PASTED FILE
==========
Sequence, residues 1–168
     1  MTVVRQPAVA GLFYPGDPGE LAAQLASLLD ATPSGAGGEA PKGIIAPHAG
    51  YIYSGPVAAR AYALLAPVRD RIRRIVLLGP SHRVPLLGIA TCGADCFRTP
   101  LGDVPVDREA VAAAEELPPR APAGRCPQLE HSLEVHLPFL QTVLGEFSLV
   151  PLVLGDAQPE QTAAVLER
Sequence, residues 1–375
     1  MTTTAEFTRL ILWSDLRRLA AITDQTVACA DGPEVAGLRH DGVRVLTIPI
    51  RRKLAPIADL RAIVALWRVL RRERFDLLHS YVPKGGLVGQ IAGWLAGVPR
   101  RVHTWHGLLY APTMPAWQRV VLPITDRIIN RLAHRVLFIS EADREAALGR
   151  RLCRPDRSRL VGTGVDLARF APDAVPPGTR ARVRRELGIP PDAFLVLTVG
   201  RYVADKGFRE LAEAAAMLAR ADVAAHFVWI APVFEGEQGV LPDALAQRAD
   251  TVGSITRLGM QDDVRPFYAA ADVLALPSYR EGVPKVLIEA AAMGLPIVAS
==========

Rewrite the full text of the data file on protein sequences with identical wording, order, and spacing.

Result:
Sequence, residues 1–168
     1  MTVVRQPAVA GLFYPGDPGE LAAQLASLLD ATPSGAGGEA PKGIIAPHAG
    51  YIYSGPVAAR AYALLAPVRD RIRRIVLLGP SHRVPLLGIA TCGADCFRTP
   101  LGDVPVDREA VAAAEELPPR APAGRCPQLE HSLEVHLPFL QTVLGEFSLV
   151  PLVLGDAQPE QTAAVLER
Sequence, residues 1–375
     1  MTTTAEFTRL ILWSDLRRLA AITDQTVACA DGPEVAGLRH DGVRVLTIPI
    51  RRKLAPIADL RAIVALWRVL RRERFDLLHS YVPKGGLVGQ IAGWLAGVPR
   101  RVHTWHGLLY APTMPAWQRV VLPITDRIIN RLAHRVLFIS EADREAALGR
   151  RLCRPDRSRL VGTGVDLARF APDAVPPGTR ARVRRELGIP PDAFLVLTVG
   201  RYVADKGFRE LAEAAAMLAR ADVAAHFVWI APVFEGEQGV LPDALAQRAD
   251  TVGSITRLGM QDDVRPFYAA ADVLALPSYR EGVPKVLIEA AAMGLPIVAS